Bug close-up, beautiful spider photos by Shahan [28 Pics]

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Spider close-up: Anterior Median and Anterior Lateral Eyes of a Phidippus princeps Jumping Spider
Spider close-up photo: Thomas Shahan

 Bug close up, beautiful spider photos by Shahan [28 Pics]


Introduction

This is among the most incredible macro photography of bug close-up we have ever seen. The awesome photos, and breathtaking, amazing macro bug portraiture of Thomas Shahan. He has given us permission to publish outstanding bug close-up of spiders and other inspirational insects. All enquiries and more photos can be found at ThomasShahan.com [28 Pictures]

Hint: Click on the inspirational insect photo to see larger a original version. Use “J” and “K” keys to navigate from bug close-up picture to bug close-up picture. Marvel at the architect of these creepy crawlers.

2856337087 d1a732ce70 o Bug close up, beautiful spider photos by Shahan [28 Pics]

Bug close-up: “Hanging-Thief” Diogmites Robber Fly
I spotted this one hanging (from one leg) off a large blade of the tall grass I was walking in. As I slowly moved closer to take a photograph, I noticed a jumping spider watching the scene from about a foot and a half away. So I had to decide between the two, and as usual, I went for the jumping spider. I took several photographs of the spider, got all the shots I wanted, and carefully turned to see if this robber was still hanging there.

To my surprise, it was still there. As I moved in closer, I noticed it had captured a bee, and there was a few tiny flies hanging out around the robber. I was afraid I would scare it away if I tried to change lenses so I used the setup I was using for the spider photos (50mm reversed on extension tubes) to take a few photos of the robber.

This photo isn’t the best focused of the bunch, but it was the only photo were that little fly (seen in the bottom right of the frame) wasn’t sitting on the robber’s eyes. Bug close-up photo: Thomas Shahan

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Spider close-up: Adult Female Cardinal Jumper (Phidippus cardinalis)
Here’s a beautiful and fairly large (~15mm) female Phidippus cardinalis I found a while back while wandering one of my favorite haunts.

She proved to be quite skittish and somewhat agressive – frantically darting around, waving her palps, and even baring her fangs at me a couple times. I ended up rolling up a leaf to make a little tunnel for her to relax in. In the image above you can make out the curl of her shelter reflected in her eyes. The blue of the background was yesterday’s cloudless afternoon sky. Spider close-up photo: Thomas Shahan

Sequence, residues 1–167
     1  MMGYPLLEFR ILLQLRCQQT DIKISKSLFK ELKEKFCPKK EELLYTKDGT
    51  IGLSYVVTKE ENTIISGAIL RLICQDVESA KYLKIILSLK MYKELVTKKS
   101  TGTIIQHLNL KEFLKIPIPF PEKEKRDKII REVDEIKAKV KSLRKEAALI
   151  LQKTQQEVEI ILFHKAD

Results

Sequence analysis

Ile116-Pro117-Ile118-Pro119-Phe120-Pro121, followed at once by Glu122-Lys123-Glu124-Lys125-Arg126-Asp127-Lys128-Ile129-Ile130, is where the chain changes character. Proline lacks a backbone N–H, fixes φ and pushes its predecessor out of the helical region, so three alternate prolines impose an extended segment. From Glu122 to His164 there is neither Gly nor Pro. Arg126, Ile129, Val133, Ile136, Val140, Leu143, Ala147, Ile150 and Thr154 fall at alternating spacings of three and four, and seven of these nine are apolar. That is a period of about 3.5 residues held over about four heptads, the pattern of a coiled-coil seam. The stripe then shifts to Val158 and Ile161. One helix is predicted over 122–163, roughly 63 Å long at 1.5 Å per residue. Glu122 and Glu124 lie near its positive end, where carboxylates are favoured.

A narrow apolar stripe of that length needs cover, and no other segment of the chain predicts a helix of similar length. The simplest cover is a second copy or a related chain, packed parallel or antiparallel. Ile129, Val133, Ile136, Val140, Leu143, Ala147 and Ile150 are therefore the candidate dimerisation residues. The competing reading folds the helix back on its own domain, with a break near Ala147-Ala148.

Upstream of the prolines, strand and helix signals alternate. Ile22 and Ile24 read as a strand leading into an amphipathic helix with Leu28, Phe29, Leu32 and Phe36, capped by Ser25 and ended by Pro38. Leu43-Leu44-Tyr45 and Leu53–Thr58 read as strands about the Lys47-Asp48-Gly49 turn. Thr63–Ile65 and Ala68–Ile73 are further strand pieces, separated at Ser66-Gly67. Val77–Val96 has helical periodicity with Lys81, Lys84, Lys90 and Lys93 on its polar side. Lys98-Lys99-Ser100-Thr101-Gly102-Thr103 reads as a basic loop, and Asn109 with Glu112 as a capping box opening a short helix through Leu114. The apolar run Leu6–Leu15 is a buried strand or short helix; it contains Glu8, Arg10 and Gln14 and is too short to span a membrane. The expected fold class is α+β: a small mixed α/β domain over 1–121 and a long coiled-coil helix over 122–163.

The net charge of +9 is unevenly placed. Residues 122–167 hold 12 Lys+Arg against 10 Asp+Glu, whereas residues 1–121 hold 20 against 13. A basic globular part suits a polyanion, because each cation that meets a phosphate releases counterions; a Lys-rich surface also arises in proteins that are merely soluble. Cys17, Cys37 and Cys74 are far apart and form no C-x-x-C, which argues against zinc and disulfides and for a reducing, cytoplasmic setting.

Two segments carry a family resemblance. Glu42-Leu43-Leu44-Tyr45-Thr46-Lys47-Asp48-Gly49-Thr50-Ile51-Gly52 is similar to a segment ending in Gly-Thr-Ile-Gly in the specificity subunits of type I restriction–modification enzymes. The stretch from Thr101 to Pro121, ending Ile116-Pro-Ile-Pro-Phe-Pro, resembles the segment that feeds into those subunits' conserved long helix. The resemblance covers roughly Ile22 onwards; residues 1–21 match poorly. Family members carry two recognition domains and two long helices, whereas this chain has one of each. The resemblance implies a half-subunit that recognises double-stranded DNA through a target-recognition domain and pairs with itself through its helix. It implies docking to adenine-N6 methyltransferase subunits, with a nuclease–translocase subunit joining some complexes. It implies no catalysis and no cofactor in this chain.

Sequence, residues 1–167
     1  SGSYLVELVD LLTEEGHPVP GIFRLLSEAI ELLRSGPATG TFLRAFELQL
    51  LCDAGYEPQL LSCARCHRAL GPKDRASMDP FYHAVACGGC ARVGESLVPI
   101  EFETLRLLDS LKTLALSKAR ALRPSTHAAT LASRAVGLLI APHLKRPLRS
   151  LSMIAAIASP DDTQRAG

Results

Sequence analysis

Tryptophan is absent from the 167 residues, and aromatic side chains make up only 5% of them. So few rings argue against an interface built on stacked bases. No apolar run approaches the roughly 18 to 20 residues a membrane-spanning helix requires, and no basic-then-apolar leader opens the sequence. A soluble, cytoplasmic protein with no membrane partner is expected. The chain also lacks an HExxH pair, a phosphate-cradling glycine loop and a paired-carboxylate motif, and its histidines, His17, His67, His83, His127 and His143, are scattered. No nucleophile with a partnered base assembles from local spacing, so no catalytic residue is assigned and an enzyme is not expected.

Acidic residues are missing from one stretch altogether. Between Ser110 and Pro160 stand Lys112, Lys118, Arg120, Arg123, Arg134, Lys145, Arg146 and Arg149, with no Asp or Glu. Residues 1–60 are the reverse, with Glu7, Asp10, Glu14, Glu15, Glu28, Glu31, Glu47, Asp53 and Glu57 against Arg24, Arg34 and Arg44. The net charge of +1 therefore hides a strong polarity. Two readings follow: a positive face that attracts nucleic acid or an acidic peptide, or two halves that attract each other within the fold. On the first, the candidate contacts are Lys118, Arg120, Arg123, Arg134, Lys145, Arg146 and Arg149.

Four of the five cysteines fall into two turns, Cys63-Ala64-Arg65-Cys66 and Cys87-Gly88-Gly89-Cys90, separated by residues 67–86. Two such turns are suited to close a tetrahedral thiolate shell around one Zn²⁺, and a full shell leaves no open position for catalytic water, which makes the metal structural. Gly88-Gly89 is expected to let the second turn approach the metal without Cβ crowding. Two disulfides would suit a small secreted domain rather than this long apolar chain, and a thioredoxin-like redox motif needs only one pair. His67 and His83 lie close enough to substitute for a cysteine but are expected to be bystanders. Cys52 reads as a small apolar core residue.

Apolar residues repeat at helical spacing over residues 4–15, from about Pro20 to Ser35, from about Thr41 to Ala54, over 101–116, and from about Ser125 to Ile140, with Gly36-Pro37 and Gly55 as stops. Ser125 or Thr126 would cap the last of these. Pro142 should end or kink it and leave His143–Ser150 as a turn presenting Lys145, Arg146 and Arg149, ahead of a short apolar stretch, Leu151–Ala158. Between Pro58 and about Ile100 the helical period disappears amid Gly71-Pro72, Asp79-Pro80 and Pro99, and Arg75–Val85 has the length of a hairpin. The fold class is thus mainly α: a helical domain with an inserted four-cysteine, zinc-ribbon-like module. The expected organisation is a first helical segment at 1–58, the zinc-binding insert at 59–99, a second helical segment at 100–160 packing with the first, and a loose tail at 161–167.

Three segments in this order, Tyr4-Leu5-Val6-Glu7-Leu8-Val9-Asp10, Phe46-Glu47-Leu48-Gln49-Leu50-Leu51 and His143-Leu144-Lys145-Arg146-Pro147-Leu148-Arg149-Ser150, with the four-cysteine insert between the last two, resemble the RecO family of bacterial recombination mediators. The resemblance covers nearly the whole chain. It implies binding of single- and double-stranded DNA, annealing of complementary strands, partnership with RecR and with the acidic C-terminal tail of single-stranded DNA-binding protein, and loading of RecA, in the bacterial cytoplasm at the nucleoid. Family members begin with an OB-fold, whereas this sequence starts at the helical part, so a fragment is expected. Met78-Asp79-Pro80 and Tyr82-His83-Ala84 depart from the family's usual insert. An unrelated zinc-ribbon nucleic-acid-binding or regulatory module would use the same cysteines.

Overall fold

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Bug close-up: Crane Fly – (Tipula)
Bug close-up photo: Thomas Shahan

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Spider close-up: Adult Male Hentzia palmarum Jumping Spider
This guy spent some time cleaning his fangs with his palps, giving me a chance to try a high magnification shot. Spider close-up photo: Thomas Shahan

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Eyes of a Holcocephala fusca Robber Fly
Man, was this one difficult! These little robbers are incredibly skittish – an absolute pain (literally!) to shoot. They will hold onto their perch (usually the outer tip of leaves) no matter how hard the wind may blow – but as soon as you get anywhere near them, touch the leaf they are on (no matter how gently) they will fly right away. So I have found that the only way to photograph them is to just stand there and shoot away without any means of stability.

Somehow I found one little guy that would let me get close enough to focus, and 66 shots later, over a period of about 10 minutes of standing bent over with sweat pooling in my eyes, the leaf blowing in the wind, and my hands shaking from fatigue – I just gave up and checked to see if I got anything at all. Out of all those shots – about 30 missed the fly entirely, 33 were completely out of focus, and 3 were good enough to focus stack. I was ecstatic! 3 good photos taken completely handheld in windy conditions at 5:1 magnification at f/8 is no small feat! And even better – the background wasn’t black! Bug close-up photo: Thomas Shahan

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Spider close-up: Adult Male Jumping Spider Hiding in Leaves – (Habronattus coecatus)
What a beautiful day today was! Spider close-up photo: Thomas Shahan

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Bug close-up: Colorful Broad-headed Sharpshooter Leafhopper – (Oncometopia orbona?)
I’ve been trying to photograph one of these beautiful leafhoppers for a few days now.

They like hanging out on the stems of some tall sunflowers in my backyard, and as you walk around the plant, they swiftly move to the opposite side – making them very difficult to spot.

This guy proved a bit more friendly than the others, and crawled up on my finger and let me re-locate him an a big leaf which I held up to the sky and photographed him on. (So the blue background you see is actually a cloudless sky). Once I was done, I put him back right where I found him – on the sunflower. Bug close-up photo: Thomas Shahan

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Spider close-up: Phidippus audax Jumping Spider